I completely understand that de id there the child refers to should be a primary key and requires an index. For the foreign key columns I am not so sure.
pq: foreign key requires an existing index on columns (“templateid”)
Error: pq: foreign key requires an existing index on columns (“templateid”)
ALTER TABLE ONLY hosts ADD CONSTRAINT c_hosts_3 FOREIGN KEY (templateid) REFERENCES hosts (hostid) ON DELETE CASCADE;
having an index on this column could be a performance improvement since it can prevent a table lock but for tables that are not update very often it is not needed to have an index for the foreign key.
Can this requirement be lifted, or is this due to the distributed nature of crdb? In Oracle and postgres it is not needed …
The specific explanation as to why we require an index on both the referencing and referenced columns is outlined here:
Values in a referenced column must be unique, otherwise it would be ambiguous which instance of a duplicated value was the one referenced and thus subject to the foreign key restrictions. In practice, uniqueness enforcement is implemented via an index, so the requirement of an index on the referenced column was already implied by the uniqueness requirement.
Allowing the referencing column to be unindexed has obvious performance drawbacks (operations on the referenced table would need to perform table-scans).
In the latter case (motivation for an index on the referencing column) what is important is to notice what happens when a row in the referenced table is modified or deleted. The FK relationships has to find in the referencing table if there is a row that uses the modified/deleted row to validate the FK constraint. To find this requires an index.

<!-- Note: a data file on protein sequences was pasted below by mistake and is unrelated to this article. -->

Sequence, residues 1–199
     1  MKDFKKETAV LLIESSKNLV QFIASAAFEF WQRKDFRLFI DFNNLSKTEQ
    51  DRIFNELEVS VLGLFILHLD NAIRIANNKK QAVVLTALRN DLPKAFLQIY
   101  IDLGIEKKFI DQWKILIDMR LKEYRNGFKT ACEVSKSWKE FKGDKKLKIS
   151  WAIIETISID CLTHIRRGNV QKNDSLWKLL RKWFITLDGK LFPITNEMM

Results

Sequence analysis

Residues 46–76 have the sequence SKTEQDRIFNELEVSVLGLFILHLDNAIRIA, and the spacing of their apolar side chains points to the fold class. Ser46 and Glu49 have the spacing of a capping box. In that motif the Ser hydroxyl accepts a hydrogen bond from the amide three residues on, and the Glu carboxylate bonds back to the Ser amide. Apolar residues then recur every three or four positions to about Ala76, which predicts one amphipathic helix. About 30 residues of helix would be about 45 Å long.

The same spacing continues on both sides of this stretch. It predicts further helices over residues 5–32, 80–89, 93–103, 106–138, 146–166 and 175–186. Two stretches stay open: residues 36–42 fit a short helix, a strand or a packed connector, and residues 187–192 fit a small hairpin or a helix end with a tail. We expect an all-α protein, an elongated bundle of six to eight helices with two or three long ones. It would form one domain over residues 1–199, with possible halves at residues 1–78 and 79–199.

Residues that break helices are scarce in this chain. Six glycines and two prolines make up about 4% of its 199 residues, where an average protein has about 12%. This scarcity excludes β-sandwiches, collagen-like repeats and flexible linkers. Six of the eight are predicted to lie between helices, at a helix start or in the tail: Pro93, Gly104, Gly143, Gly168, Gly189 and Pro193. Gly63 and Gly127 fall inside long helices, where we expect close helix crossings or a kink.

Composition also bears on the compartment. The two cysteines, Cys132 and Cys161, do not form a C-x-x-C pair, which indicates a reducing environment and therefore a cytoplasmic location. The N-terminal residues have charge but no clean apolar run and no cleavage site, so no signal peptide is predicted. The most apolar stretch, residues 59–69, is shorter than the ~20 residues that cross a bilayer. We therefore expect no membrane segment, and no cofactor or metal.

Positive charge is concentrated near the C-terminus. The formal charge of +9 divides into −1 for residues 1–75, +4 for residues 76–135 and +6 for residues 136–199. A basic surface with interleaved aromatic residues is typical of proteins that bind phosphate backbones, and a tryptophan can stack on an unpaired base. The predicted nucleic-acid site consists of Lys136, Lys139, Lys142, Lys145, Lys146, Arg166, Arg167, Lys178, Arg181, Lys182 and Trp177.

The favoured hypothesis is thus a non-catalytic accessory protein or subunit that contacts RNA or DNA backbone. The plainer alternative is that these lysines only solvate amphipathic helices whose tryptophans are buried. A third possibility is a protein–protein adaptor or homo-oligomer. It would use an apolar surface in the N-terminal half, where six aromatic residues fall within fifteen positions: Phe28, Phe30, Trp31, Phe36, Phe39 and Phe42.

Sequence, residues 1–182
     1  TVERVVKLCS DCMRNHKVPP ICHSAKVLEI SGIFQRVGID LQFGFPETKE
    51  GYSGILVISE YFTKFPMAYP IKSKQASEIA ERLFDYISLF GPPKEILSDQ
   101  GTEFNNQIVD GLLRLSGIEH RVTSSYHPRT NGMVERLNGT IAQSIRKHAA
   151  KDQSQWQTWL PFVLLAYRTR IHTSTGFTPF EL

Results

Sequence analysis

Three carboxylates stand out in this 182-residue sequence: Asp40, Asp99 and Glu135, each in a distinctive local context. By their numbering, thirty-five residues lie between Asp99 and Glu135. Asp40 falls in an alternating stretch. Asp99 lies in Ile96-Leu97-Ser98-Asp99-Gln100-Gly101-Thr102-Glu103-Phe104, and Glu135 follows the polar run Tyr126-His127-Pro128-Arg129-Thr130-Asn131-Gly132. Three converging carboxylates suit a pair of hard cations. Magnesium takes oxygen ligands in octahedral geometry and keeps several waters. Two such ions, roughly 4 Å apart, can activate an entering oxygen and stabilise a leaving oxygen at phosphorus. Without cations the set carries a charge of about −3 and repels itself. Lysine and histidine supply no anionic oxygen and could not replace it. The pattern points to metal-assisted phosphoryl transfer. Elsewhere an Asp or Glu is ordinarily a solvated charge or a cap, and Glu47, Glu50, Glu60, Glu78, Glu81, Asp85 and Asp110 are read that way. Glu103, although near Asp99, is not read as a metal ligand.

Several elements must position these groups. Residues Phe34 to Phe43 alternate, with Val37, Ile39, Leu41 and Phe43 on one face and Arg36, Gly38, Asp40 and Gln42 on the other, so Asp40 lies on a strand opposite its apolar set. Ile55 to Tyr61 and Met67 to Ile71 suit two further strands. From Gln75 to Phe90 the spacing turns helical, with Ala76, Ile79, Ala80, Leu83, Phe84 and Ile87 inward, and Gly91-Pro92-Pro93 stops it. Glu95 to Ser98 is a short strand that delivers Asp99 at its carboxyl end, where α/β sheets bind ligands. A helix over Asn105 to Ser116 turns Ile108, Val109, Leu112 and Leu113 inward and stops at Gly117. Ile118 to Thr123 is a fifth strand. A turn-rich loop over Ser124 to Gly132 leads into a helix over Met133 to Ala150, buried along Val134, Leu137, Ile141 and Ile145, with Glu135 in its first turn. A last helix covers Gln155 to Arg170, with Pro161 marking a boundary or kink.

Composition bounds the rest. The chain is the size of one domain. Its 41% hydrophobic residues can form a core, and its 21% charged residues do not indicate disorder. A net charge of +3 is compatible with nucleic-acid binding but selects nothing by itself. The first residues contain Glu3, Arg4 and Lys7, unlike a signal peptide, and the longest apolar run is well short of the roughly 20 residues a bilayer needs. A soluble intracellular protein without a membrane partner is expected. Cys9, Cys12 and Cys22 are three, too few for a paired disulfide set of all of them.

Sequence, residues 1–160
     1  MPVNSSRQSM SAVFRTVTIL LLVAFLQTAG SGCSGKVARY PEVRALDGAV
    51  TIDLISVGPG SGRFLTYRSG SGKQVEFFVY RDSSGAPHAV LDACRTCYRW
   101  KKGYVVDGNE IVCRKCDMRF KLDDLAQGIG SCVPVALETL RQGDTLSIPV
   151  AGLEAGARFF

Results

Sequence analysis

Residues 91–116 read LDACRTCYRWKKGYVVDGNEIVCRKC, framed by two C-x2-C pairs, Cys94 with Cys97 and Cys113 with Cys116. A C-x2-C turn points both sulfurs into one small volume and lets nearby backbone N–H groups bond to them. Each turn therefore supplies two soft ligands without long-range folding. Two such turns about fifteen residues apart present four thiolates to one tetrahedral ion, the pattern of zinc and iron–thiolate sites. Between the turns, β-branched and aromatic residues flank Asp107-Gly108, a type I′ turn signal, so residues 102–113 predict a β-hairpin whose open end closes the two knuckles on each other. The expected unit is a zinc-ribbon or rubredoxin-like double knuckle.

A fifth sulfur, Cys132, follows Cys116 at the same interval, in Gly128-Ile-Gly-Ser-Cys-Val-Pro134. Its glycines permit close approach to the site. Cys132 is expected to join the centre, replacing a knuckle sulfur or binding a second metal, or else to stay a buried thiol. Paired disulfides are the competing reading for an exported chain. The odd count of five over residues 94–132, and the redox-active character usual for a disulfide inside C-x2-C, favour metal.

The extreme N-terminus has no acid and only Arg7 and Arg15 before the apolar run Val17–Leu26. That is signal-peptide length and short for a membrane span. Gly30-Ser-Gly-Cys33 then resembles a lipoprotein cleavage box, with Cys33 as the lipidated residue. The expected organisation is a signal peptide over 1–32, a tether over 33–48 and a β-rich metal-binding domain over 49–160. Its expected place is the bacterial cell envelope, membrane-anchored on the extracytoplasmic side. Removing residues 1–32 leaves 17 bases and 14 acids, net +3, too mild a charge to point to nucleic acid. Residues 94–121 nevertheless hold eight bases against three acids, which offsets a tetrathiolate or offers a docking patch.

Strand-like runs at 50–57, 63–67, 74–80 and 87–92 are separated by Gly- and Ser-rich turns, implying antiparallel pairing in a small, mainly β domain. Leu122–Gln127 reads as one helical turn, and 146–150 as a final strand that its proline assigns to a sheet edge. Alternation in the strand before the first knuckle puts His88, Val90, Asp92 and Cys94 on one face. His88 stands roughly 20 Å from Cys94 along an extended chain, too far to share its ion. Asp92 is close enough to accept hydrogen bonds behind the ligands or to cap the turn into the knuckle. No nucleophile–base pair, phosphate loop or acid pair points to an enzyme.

Hence the two requirements:
a unique index on the referenced column(s)
a non-unique index on the referencing column
Conceptually, we could drop the 2nd requirement, but that would require 1) more complexity in CockroachDB to handle this case 2) tremendous lookup costs whenever a referenced row is modified or deleted.
The combination of these two reasons explains why we are not yet planning to lift this requirement.
Eventually we may consider doing so if e.g. a user or customer provides us a compelling use case where the referenced table is append-only (e.g. a log) and the overhead of maintaining the referencing index is hampering performance with no benefit.
thanks for the answer. I think this is a pity since this differs from postgres (and oracle) where we have he choice to make that index or to leave it. And yes, it could have a performance impact. Some tools generate an index for every referencing column, I know but the designer has the better insight in when it is really beneficial and when not.
I still hope for a reconsideration.